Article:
Israel not only supports and gives Christians and other minorities -- Druze, Muslims, Baha'i, everyone -- full civil rights, freedom and legal rights to exist peacefully and practice their faith as they wish, but also to develop themselves as a minority with all the implications of differences in culture. Arabs, for instance, are welcomed into the Israel Defense Forces (IDF), but are not, as opposed to Jews, required to serve. Israel's founding Prime Minister, David Ben Gurion, humanely did not want Arabs to feel as if they were obliged fight their "brothers."

In Israel, members of the Christian and Muslim minorities fill all types of high positions -- just as any Jewish Israeli who wishes to have a successful career. There is the Maronite Christian Supreme Court Judge, Salim Jubran.

Contrary to propaganda, there is no "Apartheid" of any kind, and no roads on which only Jews may travel. Those roads are in Saudi Arabia, which has real Apartheid roads, since only Muslims may travel to Mecca.

Israel does this, moreover, in a neighborhood where most of its neighbors -- often the most brutal enemies of humanity -- wish Israel were wiped out and often do their utmost to make this wish come true. Sadly, many Europeans join in. Everyone has seen the recent vicious attempts by the European Union to snuff out Israel economically by labelling goods made in disputed territories. This requirement, made of no other country with a disputed border actually hinders any prospects for peace that working together is meant to bring about.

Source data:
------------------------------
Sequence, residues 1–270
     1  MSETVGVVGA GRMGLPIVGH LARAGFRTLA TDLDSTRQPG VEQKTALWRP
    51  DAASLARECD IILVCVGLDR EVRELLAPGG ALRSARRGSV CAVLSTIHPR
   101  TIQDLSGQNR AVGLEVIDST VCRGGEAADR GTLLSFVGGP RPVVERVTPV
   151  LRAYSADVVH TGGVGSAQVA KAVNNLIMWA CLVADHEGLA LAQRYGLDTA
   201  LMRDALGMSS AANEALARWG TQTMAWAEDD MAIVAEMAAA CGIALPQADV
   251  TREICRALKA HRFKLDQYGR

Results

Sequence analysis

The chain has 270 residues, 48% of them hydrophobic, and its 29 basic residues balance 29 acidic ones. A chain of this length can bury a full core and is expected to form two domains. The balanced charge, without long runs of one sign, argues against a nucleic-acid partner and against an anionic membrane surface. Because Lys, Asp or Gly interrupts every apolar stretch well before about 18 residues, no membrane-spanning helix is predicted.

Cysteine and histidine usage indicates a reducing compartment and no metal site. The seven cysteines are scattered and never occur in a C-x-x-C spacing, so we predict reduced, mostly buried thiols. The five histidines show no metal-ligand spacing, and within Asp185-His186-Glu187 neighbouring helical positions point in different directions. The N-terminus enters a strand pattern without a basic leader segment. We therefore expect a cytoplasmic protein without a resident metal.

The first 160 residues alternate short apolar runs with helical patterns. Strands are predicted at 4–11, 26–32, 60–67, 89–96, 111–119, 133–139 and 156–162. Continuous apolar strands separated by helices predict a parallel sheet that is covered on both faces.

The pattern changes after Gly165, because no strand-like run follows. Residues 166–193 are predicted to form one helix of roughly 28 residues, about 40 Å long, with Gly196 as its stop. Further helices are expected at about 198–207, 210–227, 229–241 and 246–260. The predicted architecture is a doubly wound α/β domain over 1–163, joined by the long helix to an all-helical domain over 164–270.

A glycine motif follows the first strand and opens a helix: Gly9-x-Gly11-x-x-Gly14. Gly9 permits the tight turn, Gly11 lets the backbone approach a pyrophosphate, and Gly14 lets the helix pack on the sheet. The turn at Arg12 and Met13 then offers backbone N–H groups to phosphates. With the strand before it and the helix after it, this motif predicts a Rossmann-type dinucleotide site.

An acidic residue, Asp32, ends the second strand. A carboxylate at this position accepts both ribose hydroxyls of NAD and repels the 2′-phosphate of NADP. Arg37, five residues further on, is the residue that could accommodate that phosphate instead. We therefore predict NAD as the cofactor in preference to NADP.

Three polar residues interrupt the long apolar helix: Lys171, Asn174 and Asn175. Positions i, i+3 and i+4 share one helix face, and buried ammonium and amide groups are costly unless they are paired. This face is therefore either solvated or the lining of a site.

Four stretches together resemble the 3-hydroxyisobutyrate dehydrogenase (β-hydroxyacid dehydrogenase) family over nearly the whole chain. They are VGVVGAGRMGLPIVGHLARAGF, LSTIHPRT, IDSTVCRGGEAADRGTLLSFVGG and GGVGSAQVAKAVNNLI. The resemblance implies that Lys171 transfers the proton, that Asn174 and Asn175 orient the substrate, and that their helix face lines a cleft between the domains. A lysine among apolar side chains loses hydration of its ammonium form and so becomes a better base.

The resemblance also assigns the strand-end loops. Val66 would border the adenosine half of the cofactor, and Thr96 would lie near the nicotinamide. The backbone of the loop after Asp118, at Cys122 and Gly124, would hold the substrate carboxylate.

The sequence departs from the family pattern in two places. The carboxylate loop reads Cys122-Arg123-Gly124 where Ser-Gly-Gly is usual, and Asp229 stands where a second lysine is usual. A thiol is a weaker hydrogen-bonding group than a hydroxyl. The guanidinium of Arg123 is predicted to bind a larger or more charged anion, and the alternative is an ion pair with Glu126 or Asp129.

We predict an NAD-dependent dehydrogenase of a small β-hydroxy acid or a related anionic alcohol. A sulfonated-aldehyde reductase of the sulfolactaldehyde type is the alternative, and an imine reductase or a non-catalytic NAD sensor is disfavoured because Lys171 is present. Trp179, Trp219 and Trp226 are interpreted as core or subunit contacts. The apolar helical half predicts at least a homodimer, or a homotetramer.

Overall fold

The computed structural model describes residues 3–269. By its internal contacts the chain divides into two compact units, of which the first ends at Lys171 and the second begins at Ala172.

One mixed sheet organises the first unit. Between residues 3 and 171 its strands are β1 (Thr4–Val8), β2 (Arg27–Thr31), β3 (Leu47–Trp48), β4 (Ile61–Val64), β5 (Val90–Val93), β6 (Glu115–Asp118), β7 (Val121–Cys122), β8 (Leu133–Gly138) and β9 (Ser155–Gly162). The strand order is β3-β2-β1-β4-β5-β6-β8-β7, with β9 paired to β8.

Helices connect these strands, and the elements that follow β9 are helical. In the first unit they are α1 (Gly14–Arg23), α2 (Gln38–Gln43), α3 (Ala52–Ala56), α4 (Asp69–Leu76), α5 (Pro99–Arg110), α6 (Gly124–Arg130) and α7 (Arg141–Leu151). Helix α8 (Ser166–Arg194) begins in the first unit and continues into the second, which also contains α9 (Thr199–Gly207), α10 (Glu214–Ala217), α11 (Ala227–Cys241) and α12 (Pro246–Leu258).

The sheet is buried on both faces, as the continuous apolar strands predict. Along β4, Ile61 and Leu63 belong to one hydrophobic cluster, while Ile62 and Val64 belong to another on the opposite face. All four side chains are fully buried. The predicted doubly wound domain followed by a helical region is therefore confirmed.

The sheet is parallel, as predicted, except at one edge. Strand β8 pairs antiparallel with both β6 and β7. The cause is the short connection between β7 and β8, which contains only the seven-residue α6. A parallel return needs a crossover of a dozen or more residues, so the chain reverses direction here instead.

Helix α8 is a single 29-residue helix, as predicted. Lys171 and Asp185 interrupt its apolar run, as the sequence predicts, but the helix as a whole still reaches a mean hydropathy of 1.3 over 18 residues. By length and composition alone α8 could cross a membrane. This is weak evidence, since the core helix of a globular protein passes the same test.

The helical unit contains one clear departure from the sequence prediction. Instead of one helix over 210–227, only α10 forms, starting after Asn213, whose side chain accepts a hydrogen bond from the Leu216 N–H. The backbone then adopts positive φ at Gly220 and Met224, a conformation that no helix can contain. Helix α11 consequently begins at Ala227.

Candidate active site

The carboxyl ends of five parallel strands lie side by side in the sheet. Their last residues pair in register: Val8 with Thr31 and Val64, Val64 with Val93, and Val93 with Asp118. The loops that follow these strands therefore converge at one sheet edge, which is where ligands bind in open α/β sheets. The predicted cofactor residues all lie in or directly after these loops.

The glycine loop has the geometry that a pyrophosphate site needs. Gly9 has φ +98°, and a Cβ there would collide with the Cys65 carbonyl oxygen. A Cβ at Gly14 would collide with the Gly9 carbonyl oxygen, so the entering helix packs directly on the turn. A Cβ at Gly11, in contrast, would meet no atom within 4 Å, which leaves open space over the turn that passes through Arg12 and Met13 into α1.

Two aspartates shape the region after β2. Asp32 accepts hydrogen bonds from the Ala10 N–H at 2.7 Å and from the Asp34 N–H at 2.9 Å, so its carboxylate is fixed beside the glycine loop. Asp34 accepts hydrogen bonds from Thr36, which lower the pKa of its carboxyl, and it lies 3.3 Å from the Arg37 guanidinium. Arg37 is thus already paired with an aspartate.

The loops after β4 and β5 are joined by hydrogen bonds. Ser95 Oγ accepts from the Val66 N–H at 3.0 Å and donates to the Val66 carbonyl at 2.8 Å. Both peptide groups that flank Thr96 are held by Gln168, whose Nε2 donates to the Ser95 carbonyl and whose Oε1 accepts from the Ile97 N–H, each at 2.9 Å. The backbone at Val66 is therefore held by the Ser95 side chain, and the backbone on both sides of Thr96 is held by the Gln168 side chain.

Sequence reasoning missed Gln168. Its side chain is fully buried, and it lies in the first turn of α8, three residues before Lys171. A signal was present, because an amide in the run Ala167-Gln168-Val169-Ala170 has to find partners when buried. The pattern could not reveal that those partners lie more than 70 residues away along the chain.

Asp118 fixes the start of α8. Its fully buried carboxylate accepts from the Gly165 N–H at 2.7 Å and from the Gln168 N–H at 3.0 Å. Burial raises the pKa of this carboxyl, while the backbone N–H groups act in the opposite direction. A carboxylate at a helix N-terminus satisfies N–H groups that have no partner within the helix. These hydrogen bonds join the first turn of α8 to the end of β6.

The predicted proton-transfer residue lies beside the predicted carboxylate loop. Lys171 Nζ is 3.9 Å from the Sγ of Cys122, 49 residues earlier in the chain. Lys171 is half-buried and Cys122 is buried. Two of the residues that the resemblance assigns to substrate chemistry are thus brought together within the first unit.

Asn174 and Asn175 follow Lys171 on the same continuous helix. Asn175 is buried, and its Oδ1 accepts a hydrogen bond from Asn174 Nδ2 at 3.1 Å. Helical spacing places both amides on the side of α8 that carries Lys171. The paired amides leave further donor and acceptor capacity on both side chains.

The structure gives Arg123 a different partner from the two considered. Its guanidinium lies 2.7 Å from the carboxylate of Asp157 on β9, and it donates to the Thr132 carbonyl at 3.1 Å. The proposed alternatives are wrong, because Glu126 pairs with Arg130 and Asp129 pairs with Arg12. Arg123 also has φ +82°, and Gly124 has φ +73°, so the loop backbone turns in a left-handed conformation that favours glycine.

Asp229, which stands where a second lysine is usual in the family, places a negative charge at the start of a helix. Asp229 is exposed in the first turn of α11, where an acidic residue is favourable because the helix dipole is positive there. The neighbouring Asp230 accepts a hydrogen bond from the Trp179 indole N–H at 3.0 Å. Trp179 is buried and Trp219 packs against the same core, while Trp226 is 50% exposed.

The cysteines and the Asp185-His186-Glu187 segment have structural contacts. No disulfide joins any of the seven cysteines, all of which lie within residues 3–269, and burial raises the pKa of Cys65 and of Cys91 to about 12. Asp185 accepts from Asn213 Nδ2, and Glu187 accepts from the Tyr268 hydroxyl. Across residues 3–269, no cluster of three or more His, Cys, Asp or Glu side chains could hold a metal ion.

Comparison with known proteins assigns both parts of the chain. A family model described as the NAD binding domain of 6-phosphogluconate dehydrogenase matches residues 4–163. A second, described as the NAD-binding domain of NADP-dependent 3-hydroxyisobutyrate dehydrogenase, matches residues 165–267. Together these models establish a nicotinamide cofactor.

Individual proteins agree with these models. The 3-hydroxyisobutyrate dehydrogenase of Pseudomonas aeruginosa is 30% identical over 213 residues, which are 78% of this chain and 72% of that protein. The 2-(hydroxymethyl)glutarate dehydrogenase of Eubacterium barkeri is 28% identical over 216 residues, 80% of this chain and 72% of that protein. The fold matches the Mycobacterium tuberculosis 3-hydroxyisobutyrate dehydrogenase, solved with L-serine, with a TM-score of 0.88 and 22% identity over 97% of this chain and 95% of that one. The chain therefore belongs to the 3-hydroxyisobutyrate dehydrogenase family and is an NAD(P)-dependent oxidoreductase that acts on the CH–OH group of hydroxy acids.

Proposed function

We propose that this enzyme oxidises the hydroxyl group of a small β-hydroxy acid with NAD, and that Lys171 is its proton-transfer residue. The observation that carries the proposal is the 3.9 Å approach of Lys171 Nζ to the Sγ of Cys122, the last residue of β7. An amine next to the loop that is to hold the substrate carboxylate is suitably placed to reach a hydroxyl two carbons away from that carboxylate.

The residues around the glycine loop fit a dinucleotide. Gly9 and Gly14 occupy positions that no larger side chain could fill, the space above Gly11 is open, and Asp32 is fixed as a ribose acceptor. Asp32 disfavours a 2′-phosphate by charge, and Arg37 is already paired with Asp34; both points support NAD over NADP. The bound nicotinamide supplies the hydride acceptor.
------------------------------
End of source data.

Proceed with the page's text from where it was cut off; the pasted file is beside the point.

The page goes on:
These Europeans are not fooling anyone. Their slyly sadistic, self-righteous "punishments" meant for Israel will only throw thousands of Palestinians out of well-paying, badly-needed work; these diktats also drive many newly out-of-work Palestinians to the employment bureau of last resort: Islamic extremism and terrorism. Ironically, these Europeans, to satisfy their wish to hurt Jews by pretending to help Palestinians, are actually seeding a new crop of terrorists who will later come to Europe and show them what they think of such hypocrites.

Widely discussed in the region is how the Europeans secretly want Israel wiped out, too, and are hoping that their new laws, combined with old Arab violence, will do the trick. That way, the Europeans can pretend to themselves that they had "nothing to do with it." These Europeans need to know they are not fooling anyone.

Israel, meanwhile, despite having to deal with the European and American fronts as well as often genocidal Muslim threats, continues actively to strengthen its minority communities through a variety of state-sponsored programs. Among them is a five-year plan to develop Israeli Arab and other minority communities adopted by the government on December 30, 2015, at cost of 15 billion shekels [roughly $4 billion]. Social Equality Minister Gila Gamliel, of the Likud Party is in charge of implementing the plan. Prime Minister Netanyahu, who is unjustly demonized, has for the last several years operated the "Authority for the Economic Development of the Arab, Druze and Circassian Sectors." It is headed by an Arab Muslim, Aiman Saif, who controls a sizeable budget of 7 billion shekels [roughly $1.8 billion], which has mostly gone to different Arab cities and villages to develop modern infrastructure, industrial zones, employment opportunities, education and other elements. The rest was allocated to helping Christian villages in the Galilee.

Arabs have their own section in the Ministry of Education, headed by an Arab Muslim, Abdalla Khateeb, who is also in charge of a sizeable budget of 900 million shekels [$230 million].